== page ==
Date of Award
Morgridge College of Education, Higher Education
Christine A. Nelson
Sarah S. Hurtado
P. Bruce Uhrmacher
Asian American, Graduate education, Higher education, Organizational culture, Southeast Asian American, Whiteness
The purpose of this transcendental phenomenological study is to understand the role that whiteness has in shaping the graduate education experiences of Southeast Asian American students in the United States. This study explores two research questions. 1) How do Southeast Asian American graduate students describe their graduate education? 2) How do Southeast Asian American graduate students describe concepts of whiteness, if any, throughout their graduate education? According to the experiences from six selfidentifying Southeast Asian American students, their graduate education experiences were described to be racially taxing, unchallenging, and isolating experiences. These findings stemmed from their graduate education experiences, which centered graduate learning spaces and curriculum, interpersonal interactions, and individualized processes related to their specific graduate program and education. With concepts of whiteness (e.g., censorship, model minority myth as either/or thinking, the right to comfort, and power hoarding) penetrating these four areas, implications include but are not limited to: culturally conscious organizational practices to promote inclusion; culturally conscious trainings for faculty and staff; an expansion in research pertaining to Southeast Asian American graduate education experiences and the interrogation of whiteness within organizations.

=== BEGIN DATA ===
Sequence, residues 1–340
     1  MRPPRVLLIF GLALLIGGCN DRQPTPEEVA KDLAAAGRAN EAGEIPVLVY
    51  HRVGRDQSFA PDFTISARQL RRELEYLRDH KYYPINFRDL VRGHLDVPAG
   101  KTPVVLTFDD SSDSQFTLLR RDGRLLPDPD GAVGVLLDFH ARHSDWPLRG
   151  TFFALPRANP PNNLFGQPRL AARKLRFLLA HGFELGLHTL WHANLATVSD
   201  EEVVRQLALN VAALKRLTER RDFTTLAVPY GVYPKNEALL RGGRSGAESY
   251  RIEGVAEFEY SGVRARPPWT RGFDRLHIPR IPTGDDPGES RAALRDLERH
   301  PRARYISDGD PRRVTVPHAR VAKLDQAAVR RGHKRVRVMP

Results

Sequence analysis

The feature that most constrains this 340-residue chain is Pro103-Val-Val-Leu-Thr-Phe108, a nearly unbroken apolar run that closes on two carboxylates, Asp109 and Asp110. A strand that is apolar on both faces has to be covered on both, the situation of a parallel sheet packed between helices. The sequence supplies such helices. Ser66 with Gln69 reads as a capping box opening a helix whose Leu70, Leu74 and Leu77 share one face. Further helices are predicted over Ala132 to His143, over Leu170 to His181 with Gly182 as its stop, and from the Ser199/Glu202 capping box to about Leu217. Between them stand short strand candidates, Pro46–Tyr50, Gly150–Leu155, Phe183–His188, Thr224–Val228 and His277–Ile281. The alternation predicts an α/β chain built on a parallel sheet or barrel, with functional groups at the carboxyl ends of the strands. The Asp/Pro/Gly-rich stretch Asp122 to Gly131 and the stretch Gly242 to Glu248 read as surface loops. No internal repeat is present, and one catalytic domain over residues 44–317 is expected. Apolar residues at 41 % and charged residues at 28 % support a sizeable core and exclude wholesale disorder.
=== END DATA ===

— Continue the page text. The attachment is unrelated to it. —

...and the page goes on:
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Lesley Nina Sisaket
Received from ProQuest
Sisaket, Lesley Nina, "Interrogating Whiteness in Graduate Education Culture: A Phenomenological Exploration of Southeast Asian American Graduate Student Experiences" (2022). Electronic Theses and Dissertations. 2077.
Asian American studies, Asian studies, Higher education